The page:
Marcus: That’s such a hard question, one we always have trouble answering, I think the answer is Indie Pop! Or pop? Or alternative pop? We don’t know!! People say all sorts, we have been told we remind people of Sticky Fingers, Kasabian & Red Hot Chilli Peppers. I don’t even like some of those bands… I even once was told ‘Craig David’? So we just don’t know anymore! In summary: we are four guys trying to not write songs that sound the same as each other, and as different as other musicians music as possible! If you want to find out what that sounds like, come and hear it for yourself .

It’s been a whirlwind couple of years for you. Personal highlight please.
Charlie: There have been so many amazing moments we’ve all shared as a band, but our recent trip to MaNo Festival in Germany definitely stands out for me! The love we were shown over in Marburg was like nothing I’ve ever experienced before, although with the amount of beer we all washed down, I’m honestly surprised we remember a thing!

‘She Never Lies’ was a real moment for you. Is that single release last autumn when it all began to click for you, or has something else felt more significant?
George: ‘She Never Lies’ was definitely a stand out moment for us, It feels like a turning point for the band. Although we had been a band for a little while when we recorded it, it was a bit of a new beginning for us. We’d just got a manager and started recording with a new producer so it kind of felt like the beginning of Sarpa Salpa. We still have a long way to go though and a lot more we all want to achieve

Tell us about ‘Circuits’.
Marcus: ‘Circuits’ got its name from thinking about how humans are wired up. ‘Circuits’ is a mash up of a cry for help from addiction, and a change in character in relationships! The classic combo!! I wrote the lyrics when I was literally hiding by the bin area in work smoking a cigarette, hiding from people who care for me and wouldn’t want to see me doing that or knowing I do it! In that moment I almost looked at myself and thought “what am I doing?” It all became so pathetic, hiding alone in a stinking pen of beer bottles and soggy cardboard just so I can breath in some burnt leaves? So I wrote the first line, and like my anger, the lyrics just kept flowing out of me. “And again and again and again and again and again and again” I remember standing typing that and the repetitive tapping of the same keys over and over very much summed up the relentless rut I was in!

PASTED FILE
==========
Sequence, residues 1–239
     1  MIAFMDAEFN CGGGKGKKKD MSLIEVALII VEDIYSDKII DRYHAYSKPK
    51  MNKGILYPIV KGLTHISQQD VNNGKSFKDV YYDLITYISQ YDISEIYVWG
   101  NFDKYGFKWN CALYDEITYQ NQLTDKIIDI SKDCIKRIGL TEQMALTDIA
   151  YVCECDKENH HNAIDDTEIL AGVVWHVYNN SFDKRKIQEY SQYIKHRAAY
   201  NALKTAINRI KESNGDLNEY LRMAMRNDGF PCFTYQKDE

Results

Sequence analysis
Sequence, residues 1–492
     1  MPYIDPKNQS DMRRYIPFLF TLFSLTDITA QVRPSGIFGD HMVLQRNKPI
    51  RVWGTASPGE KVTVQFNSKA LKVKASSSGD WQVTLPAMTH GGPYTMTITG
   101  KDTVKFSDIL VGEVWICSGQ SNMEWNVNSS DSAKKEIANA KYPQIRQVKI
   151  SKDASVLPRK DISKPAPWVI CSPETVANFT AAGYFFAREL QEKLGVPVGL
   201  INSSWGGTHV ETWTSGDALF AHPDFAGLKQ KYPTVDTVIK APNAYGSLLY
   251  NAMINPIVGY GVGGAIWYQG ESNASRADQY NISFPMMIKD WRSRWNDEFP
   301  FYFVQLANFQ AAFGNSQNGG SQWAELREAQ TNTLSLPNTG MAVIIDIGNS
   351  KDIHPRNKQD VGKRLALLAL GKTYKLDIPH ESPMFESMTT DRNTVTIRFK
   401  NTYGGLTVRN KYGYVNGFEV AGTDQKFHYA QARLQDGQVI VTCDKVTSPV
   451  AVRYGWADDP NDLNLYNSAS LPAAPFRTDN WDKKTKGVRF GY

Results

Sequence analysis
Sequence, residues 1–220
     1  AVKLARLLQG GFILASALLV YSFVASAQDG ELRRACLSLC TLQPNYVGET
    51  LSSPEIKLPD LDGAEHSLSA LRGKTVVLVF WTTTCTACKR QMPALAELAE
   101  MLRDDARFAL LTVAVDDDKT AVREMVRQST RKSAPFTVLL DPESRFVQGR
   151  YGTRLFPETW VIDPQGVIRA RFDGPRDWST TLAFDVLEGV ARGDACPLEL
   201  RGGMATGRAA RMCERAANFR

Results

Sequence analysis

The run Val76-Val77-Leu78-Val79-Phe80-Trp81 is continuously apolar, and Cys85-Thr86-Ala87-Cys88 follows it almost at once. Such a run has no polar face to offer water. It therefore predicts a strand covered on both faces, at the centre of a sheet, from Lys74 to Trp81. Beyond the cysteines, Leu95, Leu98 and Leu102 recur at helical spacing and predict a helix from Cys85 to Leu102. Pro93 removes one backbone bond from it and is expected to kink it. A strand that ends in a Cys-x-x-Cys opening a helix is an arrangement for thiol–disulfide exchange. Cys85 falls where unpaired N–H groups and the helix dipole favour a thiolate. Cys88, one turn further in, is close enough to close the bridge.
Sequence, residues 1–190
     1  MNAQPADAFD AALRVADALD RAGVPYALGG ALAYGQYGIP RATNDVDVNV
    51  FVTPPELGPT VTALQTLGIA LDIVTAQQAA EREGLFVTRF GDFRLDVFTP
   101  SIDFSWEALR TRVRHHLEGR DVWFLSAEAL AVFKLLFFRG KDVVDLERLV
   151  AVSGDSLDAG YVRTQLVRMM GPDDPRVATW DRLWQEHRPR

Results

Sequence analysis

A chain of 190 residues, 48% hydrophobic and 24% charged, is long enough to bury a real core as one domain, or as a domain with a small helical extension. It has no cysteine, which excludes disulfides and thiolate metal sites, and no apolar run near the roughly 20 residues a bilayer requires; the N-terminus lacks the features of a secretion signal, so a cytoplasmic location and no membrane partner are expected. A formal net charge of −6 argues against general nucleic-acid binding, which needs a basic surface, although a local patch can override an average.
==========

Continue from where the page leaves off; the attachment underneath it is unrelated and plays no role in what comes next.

The chorus very much sums up relationships from a brief gaze; people sometimes try and change their partners, for selfish reasons, for good reasons, whatever the reason, there may not even be a reason. People can just sometimes morph into new people over time, new interests, new hobbies, change of politics or fashion! The chorus is just one large chant of uncertainty, disguised in confidence! “Something has changed, and I think it’s you.” Or is it me? Later in the song the lyrics develop into “I think it’s me”.
I took these separately written concepts to a rehearsal one evening. Upon my arrival George said “I’ve got a new riff”. It all took shape very quickly, especially when the bass and drums teamed up, the words were no longer just text on a screen, they were melodies flying around in my head! Circuits was born

You filled the small room at the Roadmender twice in 6 months. What’s the formula, that you might want to share, for making this happen? “Be nice guys with sweet tunes and great management” would be our guess…
Ethan: I think it’s a combination of a few things. Firstly our sound is quite pop-orientated. so it’s easy to bob along to. We also have been lucky to meet some great bands, who very kindly played with us! I also like to think that we put on a good little show these days. Because of the amount of gigs we have done it really has started to come quite naturally to us now, and we can enjoy it a little more instead of worrying about remembering the parts. If the band are having fun there is a good chance the audience will do too.